Elizabeth Holmes, the founder of Theranos, will be sentenced this week to up to 20 years in prison for her role in the blood testing company that tumbled from the heights of Silicon Valley after its fraudulent claims were exposed.
The sentencing is set to take place in a California courtroom on Friday, after a federal judge denied Holmes’s request for a new trial last week. Holmes had requested a new trial after she said a key witness for the prosecution apologized for the role he played in her conviction.
That witness, the former Theranos lab director Adam Rosendorff, appeared in August at the home Holmes shares with her partner, William Evans, to express his remorse, lawyers for the founder said in the denied motion. Rosendorff later stood by his original testimony, saying he had only regretted that Holmes – mother to a young child – was facing years in prison.
Holmes was convicted in January on four counts of fraud after a nearly four-month- long trial, in which prosecutors called 29 witnesses to detail her 15-year reign as CEO.
She is likely to face some substantial time behind bars, experts say. Federal sentencing guidelines suggest more time for larger dollar amounts of fraud, and evidence in court for the charges she was convicted on included wire fraud totaling more than $140m.
“My best forecast based on the way sentencing guidelines work is that she will receive somewhere in the four- to five-year range,” said James Melendres, a white-collar defense lawyer and former federal prosecutor. “But I would not be surprised if she had a sentence significantly greater than that – maybe even in excess of 10 years.”
During her trial, the founder accused her co-conspirator and former romantic partner Sunny Balwani of abuse, claims he has denied. In a separate trial, Balwani was convicted on all 12 fraud charges brought against him for his role at the company. He faces his own sentencing in December.
Lawyers for Holmes have cast her as a scapegoat who overcame a toxic relationship to become a loving mother. In an 82-page document filed the week before sentencing, they argued that sending Holmes to prison was unnecessary, partly because she had already been stigmatized by intense media coverage that had turned her into a “caricature to be mocked and vilified”.
Holmes’s lawyers argued she should be sentenced to no more than 18 months. “We acknowledge that this may seem a tall order given the public perception of this case especially when Ms Holmes is viewed as the caricature, not the person,” the filing said.
On Friday, however, prosecutors requested Holmes be sentenced to 15 years and $800m in restitution, arguing it would “reflect the seriousness of the offenses, provide for just punishment for the offenses, and deter Holmes and others”.
The sentencing will mark an end to Holmes’s journey with Theranos, a company she dropped out of Stanford to found at 19 years old. She promised a revolutionary technology that could run hundreds of health tests on just a drop of blood, despite little scientific evidence it worked, forging partnerships with major healthcare companies like Walgreens.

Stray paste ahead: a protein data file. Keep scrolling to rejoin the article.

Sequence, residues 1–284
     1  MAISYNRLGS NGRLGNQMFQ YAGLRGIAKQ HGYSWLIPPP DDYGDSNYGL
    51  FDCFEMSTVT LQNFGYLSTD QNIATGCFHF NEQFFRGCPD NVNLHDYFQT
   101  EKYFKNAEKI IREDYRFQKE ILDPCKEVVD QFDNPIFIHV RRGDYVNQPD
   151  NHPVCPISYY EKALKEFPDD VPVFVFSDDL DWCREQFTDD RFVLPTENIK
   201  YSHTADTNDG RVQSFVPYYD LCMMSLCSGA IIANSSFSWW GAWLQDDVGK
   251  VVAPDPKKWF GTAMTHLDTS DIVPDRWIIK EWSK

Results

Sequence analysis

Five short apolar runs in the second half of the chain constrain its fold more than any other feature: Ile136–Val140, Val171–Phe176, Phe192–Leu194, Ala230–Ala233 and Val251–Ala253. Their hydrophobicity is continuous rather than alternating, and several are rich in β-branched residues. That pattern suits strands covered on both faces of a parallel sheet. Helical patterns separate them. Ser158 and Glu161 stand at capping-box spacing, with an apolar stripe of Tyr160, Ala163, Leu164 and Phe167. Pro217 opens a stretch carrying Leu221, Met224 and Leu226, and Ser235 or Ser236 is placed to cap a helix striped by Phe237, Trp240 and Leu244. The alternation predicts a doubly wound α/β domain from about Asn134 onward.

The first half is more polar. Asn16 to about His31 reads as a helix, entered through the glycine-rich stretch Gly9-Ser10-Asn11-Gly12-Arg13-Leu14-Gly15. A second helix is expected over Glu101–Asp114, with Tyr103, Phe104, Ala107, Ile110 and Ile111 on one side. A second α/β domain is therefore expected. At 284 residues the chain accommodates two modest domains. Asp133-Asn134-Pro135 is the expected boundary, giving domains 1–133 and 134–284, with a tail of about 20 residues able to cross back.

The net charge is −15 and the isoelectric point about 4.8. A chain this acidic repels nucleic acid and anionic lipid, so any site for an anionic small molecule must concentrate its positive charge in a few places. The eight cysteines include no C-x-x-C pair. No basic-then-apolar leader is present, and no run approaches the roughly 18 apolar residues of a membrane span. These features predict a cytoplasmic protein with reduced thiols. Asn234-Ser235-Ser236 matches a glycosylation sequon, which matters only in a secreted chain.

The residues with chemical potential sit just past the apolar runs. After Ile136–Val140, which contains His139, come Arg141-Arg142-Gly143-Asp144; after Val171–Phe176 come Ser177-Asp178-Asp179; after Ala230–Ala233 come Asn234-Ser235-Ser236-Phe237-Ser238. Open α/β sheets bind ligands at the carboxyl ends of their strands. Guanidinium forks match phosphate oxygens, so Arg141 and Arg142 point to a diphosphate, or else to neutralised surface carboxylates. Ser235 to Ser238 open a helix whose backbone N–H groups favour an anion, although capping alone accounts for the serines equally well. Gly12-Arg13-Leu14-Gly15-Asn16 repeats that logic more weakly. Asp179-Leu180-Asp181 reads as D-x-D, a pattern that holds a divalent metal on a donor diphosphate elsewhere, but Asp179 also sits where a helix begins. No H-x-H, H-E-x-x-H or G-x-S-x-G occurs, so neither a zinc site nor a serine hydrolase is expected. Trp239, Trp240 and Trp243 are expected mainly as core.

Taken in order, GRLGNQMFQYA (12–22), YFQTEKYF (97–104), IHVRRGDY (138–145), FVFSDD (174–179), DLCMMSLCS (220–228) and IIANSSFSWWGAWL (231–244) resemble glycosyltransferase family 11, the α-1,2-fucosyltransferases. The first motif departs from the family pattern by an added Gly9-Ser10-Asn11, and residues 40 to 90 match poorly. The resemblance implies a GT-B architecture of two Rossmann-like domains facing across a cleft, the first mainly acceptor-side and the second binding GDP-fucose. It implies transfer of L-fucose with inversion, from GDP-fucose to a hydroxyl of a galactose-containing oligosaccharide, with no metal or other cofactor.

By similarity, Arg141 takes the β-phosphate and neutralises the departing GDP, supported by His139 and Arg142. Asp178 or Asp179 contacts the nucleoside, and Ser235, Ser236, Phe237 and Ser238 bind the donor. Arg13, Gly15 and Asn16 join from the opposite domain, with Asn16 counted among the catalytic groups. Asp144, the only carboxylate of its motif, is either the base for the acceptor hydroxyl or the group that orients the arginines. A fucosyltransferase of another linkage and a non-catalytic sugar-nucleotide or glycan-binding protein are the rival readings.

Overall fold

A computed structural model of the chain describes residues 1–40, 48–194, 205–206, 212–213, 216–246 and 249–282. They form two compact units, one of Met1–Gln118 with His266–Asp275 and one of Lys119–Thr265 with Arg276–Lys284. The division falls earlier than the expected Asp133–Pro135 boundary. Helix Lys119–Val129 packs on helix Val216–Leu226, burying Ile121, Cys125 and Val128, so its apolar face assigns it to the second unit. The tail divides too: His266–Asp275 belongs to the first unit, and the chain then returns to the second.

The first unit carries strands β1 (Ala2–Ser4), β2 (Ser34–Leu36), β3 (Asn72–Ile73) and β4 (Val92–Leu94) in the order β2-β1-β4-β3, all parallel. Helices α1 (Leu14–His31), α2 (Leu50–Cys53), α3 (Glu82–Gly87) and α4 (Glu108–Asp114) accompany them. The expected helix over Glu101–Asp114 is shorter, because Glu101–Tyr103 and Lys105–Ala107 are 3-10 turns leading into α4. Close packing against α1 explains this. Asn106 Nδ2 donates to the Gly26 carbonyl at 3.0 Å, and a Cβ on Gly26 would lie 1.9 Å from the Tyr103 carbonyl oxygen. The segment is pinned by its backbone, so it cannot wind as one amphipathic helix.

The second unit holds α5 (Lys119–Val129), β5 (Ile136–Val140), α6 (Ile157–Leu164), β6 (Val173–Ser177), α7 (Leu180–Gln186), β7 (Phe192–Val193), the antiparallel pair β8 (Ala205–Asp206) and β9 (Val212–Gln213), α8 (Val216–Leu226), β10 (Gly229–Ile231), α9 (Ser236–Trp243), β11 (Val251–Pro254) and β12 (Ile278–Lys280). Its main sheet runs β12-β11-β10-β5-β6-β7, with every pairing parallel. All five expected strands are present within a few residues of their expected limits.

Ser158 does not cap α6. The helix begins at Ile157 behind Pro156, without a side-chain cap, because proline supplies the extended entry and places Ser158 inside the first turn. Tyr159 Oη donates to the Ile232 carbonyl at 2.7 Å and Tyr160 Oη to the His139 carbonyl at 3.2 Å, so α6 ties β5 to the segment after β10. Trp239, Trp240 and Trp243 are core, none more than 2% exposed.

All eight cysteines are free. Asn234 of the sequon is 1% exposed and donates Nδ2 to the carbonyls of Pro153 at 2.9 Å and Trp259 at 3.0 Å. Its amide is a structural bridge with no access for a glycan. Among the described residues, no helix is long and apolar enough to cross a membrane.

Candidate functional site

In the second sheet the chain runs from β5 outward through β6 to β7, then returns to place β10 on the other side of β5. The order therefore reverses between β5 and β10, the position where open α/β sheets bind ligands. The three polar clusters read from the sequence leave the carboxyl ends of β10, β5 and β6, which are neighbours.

Holmes appeared at conferences and on the covers of magazines as Theranos took Silicon Valley by storm, raising hundreds of millions of dollars from big name investors like media mogul Rupert Murdoch, the former secretary of state Henry Kissinger and the former defense secretary James Mattis, who went on to testify against her.
But cracks began to show in 2015 when Wall Street Journal reporting revealed that its in-house tests had glaring inaccuracies, and that the company was performing other tests using traditional blood drawing methodology and outside labs.
Holmes, 38, was charged in 2018 with 12 counts of fraud for her role in the company. The trial began in 2021 following delays after Holmes revealed she was pregnant. The proceedings attracted a media frenzy outside the San Jose courthouse where Holmes testified that she did not knowingly commit fraud, and that she believed in the company’s promise.
Holmes was convicted of four charges, including one count of conspiracy to defraud investors and three counts of wire fraud against investors, but acquitted on three charges relating to patients who received inaccurate test results. The jury remained deadlocked on three of the charges.
The conviction and sentencing could mark a new era for Silicon Valley, an industry that for years has fostered a culture of “fake it till you make it”, where founders are to make big promises, often with little proof, to raise interest and funds for their startups.
The fact that the government succeeded in its prosecution of Holmes and Balwani is “significant”, said Neama Rahmani, a former federal prosecutor and co-founder of West Coast Trial Lawyers.
“Executives are going to be a lot more careful about what they say during the startup phase, what they say to investors,” he said. “This shows the government is going to hold you accountable.”
The Associated Press contributed reporting